Lindsey Steger also shared her recent challenges. “I would have never thought my student teaching would be cut short because of a pandemic. My last time in the classroom was before spring break, so I only completed one placement for seven weeks. I had a fear of the unknown because I did not know how it would affect the licensure process. In light of the pandemic, the Department of Education changed our requirement for the length of student teaching and gave us the option to get a temporary teaching license, so we have time to take our licensure exam. Not being in school from 7 a.m.-2:30 p.m. every day gave me more free time to search for a job. I knew I wanted to move to the Des Moines area, so I used TeachIowa.com to find job openings to apply. I applied to a handful of jobs and then was sent an email letting me know that I had secured an interview which would be conducted through Microsoft Teams. After my interview, I again realized how grateful I am for my experience at Clarke and how well they prepared me for teaching. During my time at Clarke, I completed four PDS blocks where I have gained over 300 hours of lesson-planning and in-classroom teaching. I have accepted a job at Callanan Middle School teaching eighth grade math and science. I am so excited to start this fall, have my own classroom, and get to know all my new students. I am thankful for my professors and all the great connections that I have made while being at Clarke, and I know that I will have support next year from them all!”
Brie Burkart graduated with a degree in Elementary Education with a Special Education Endorsement. She said, “Toward the end of my first student teaching placement, there began to be talk of COVID-19. My cooperating teacher and I took this opportunity to teach our students about nutrition, handwashing techniques, etc. It was evident that the students were already impacted by this virus and were experiencing anxiety. This teaching placement ended right before spring break. I never expected that I would not be able to return to Table Mound Elementary to complete the second half of my student teaching and, more specifically, my special education placement.”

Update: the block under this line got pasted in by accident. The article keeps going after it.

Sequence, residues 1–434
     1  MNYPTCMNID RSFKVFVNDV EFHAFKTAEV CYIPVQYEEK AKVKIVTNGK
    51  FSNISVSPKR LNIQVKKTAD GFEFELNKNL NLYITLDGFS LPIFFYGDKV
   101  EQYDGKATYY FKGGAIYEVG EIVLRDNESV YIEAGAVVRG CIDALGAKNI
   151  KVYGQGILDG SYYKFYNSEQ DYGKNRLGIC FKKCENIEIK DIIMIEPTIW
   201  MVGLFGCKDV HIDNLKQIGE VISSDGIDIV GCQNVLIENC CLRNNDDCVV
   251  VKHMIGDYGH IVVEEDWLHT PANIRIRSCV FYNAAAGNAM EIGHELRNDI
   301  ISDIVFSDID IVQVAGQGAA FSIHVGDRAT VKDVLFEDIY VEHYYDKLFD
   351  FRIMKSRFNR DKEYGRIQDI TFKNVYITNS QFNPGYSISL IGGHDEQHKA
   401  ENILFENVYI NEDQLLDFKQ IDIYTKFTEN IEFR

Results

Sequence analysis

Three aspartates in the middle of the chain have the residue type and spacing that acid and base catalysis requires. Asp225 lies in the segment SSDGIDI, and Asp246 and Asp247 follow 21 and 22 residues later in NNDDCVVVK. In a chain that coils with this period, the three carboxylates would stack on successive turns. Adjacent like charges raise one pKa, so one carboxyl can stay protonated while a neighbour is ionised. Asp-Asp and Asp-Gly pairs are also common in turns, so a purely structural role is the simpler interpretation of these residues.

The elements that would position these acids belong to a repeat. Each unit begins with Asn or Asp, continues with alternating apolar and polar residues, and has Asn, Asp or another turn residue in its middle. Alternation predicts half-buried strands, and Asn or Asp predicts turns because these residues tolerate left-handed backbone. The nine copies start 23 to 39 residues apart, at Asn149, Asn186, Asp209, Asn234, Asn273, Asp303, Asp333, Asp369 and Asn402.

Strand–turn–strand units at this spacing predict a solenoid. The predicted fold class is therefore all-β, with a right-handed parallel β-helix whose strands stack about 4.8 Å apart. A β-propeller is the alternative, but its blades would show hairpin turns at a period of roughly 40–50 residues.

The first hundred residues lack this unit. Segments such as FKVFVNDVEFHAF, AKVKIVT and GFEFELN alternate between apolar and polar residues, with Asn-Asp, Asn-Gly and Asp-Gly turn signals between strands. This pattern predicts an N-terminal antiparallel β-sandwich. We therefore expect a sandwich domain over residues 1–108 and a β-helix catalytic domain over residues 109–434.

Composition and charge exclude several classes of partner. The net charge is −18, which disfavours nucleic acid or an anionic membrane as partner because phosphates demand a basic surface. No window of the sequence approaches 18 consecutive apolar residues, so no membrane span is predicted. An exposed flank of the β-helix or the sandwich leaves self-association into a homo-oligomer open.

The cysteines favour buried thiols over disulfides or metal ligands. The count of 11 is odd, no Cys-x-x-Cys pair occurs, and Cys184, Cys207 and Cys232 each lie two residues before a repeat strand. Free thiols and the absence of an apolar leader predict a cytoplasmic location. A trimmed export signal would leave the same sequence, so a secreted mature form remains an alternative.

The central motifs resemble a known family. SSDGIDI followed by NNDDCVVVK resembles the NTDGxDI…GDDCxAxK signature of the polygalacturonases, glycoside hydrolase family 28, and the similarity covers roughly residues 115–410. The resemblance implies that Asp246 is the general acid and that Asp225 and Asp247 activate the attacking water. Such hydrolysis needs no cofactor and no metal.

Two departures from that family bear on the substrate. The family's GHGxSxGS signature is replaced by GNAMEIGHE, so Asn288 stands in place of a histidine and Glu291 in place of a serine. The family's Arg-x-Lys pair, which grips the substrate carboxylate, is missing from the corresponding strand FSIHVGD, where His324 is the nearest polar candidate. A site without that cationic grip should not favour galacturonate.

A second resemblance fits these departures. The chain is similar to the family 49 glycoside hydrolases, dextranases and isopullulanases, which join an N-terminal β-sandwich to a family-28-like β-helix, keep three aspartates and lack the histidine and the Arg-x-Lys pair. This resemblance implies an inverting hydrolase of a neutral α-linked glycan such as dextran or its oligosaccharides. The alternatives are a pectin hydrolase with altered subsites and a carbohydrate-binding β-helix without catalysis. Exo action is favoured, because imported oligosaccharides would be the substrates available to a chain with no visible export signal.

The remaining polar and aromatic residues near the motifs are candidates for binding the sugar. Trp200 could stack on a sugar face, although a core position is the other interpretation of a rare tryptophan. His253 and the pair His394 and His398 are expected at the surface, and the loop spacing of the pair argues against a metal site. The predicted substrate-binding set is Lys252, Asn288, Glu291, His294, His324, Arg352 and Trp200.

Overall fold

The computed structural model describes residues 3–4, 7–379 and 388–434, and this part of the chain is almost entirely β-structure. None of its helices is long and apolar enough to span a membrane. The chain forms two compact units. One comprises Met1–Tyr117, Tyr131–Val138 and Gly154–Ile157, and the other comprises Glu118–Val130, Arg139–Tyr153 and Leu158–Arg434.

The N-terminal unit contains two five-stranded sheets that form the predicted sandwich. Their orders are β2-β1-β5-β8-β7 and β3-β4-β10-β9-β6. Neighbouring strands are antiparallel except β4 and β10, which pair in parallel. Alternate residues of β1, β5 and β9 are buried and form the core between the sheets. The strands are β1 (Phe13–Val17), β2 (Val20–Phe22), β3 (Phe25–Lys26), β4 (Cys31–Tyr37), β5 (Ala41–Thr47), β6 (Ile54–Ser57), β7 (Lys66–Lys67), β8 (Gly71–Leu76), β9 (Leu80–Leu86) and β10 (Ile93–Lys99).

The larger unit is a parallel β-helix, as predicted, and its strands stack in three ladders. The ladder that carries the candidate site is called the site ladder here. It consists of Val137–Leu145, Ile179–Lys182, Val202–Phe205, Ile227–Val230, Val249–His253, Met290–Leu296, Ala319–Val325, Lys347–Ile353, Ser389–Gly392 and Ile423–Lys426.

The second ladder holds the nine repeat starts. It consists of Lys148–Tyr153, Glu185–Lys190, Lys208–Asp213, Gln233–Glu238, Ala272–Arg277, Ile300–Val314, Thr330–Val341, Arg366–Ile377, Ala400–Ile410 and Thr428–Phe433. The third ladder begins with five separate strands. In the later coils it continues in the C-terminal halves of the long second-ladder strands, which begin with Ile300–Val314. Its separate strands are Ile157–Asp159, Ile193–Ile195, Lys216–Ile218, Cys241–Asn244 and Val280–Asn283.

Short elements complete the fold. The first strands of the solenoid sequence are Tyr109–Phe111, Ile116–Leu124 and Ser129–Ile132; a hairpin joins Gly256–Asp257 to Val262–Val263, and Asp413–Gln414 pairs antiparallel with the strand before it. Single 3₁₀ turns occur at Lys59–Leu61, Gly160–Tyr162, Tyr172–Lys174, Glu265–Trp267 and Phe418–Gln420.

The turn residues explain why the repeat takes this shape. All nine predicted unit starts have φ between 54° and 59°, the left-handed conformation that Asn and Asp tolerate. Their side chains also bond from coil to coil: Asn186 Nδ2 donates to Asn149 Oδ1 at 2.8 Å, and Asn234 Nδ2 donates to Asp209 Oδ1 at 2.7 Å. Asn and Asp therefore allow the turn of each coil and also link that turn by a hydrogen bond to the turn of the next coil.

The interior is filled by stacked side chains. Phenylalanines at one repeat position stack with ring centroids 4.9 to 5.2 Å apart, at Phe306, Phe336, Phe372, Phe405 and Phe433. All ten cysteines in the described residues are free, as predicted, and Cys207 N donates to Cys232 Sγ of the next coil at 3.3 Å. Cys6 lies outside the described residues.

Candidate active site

She continued, “While schools were closed, I continued working on my professional portfolio and resume. Toward the end of April, I received a forwarded email from the Regional Director of Iowa Educational Services for the Blind/Visually Impaired. I quickly remembered that a friend and Clarke graduate accepted a position with this school the year prior. I reached out to her, and that same day the Regional Director set up a time to discuss the teaching position with me. Before I knew it, we were scheduling an interview via Zoom. Clarke prepared me well for the interviewing process. Although I could not complete my special education placement, I had the skills and knowledge necessary for the position. I went into the interview feeling confident because I had many clinical hours teaching students that required special education services. I also had experience working with students who, more specifically, had visual impairments. The Professional Development School (PDS) program that Clarke offers was a huge asset to me. Iowa Education Services for the Blind/Visually Impaired thinks highly of Clarke graduates and values the knowledge that we have as first-year teachers.”
When asked about the future, Burkart said, “As I reflect on my future as a teacher of the Blind and Visually Impaired, I feel grateful. I am beginning a position where I will be a lifelong learner and continue my education as a teacher. I am ecstatic that I will have the opportunity to teach students with visual impairments and feel confident that they will teach me more about myself as well. Though we are in hard and uncertain times, I believe that this was the plan that was in the making for me all along. I am glad that I will always be a part of the Pride and will have mentors to turn to throughout this new journey of my life.